I-b.   Deletional Beta-Thalassemia Alleles

At present (April, 1997) 17 different beta-thal alleles have been discovered which are characterized by a (partial) deletion of the beta-globin gene. Details about these abnormalities can be found on pages 141 through 151. The sizes of the eight smallest deletions (25 bp through 1,605 bp) are shown in Fig. 3; the 3' and 5' endpoints of each of these have been determined and are listed in the figure. The nine larger deletions are depicted in Fig. 4; for all but one (the 4,237 bp Czech deletion) the deletion includes the entire beta-globin gene. These abnormalities are rare occurrences with the exception of the 619 bp deletion which is observed at high frequencies in Indian and some Southeast Asian populations (see Table XI-a and Table XI-b on pages 163 and 164). The 25 bp deletion is observed in quite a few families in Middle Eastern countries.

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FIG. 3. The sizes and locations of eight deletions of 25 to 1,605 bp of DNA involving part of the beta-globin gene.

Heterozygotes for many of these deletions have unusually high levels of Hb A2, particularly when calculated as percent of adult Hbs A and A2. The authors found data for heterozygotes of 14 of the 17 different deletions, either in their own files or in published papers (46 carriers); no information was available for the -44 bp and the -105 bp deletions, and the ~67 kb Italian deletion. It has been suggested that markedly elevated levels of Hb A2 in heterozygotes are due to the removal of the beta-globin gene promoter, thus eliminating the competition of the beta and delta promoter sequences for transacting factors and increasing the expression of the delta-globin gene (1-3). A review of the data listed in Fig. 5 supports this concept. Hb A2 levels were found to be in excess of 6% except for type 1 and type 6 (in both the beta-globin gene promoter is intact) and surprisingly, in type 15 (the SEA deletion). Thein (3) has suggested that a similar mechanism can be responsible for the (slight) increase in Hb F level seen in most of these beta-thal heterozygotes; it is indeed worth noting that homozygotes for some of these deletions (the Dutch deletion of 12,620 bp and the Asian Indian 10,329 bp deletion) have 97-98% Hb F and 2-3% Hb A2, and do not require blood transfusions.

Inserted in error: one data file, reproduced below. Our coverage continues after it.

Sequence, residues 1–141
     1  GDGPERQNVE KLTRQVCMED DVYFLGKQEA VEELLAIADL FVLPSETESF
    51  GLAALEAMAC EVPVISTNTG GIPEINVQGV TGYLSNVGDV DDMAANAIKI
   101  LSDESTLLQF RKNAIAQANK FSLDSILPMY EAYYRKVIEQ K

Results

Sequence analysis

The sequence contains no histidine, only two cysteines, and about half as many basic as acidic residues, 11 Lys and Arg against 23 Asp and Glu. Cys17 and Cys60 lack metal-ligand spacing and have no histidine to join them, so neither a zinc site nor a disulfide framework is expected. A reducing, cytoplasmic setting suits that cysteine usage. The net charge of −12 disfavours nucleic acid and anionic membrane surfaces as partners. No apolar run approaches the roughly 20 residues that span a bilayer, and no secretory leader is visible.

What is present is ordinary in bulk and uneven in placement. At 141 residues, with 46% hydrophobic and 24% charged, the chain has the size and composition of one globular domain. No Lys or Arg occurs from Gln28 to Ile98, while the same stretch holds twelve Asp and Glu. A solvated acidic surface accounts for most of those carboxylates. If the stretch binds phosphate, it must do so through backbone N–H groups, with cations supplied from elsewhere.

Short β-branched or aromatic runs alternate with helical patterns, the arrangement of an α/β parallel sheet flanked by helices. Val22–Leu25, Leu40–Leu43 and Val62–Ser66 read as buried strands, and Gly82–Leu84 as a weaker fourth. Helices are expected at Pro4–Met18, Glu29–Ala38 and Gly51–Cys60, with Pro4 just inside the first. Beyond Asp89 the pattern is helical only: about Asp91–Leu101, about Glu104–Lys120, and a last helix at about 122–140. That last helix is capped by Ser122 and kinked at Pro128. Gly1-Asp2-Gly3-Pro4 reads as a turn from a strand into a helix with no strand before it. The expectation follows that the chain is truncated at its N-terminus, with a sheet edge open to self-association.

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FIG. 4. The sizes and location of nine deletions of 3 kb or more involving part of or the entire beta-globin gene.

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FIG. 5. The levels of Hb A2 in 46 heterozygotes for different deletional beta-thal alleles; the numbers 1-14 refer to the types listed in Figs. 3 and 4.

1. Codrington, J.F., Li, H-W., Kutlar, F., Gu, L-H., Ramachandran, M., and Huisman, T.H.J.: Blood, 76:1246, 1990.
2. Huisman, T.H.J.: Acta Haematol., in press, 1997.
3. Thein, S.L.: in The Haemoglobinopathies, edited by D.J. Weatherall and D.R. Higgs, Bailliére's Clinical Haematology, Vol. 6, page 151, W.B. Saunders Company, London, 1993.

This material is from the book A Syllabus of Thalassemia Mutations (1997) by Titus H.J. Huisman, Marianne F.H. Carver, and Erol Baysal, published by The Sickle Cell Anemia Foundation in Augusta, GA, USA. Copyright © 1997 by Titus H.J. Huisman. All rights reserved. Neither this work nor any part may be reproduced or transmitted in any form or by any means, electronic or mechanical, microfilming and recording, or by any information storage and retrieval systems, without permission in writing from the Author.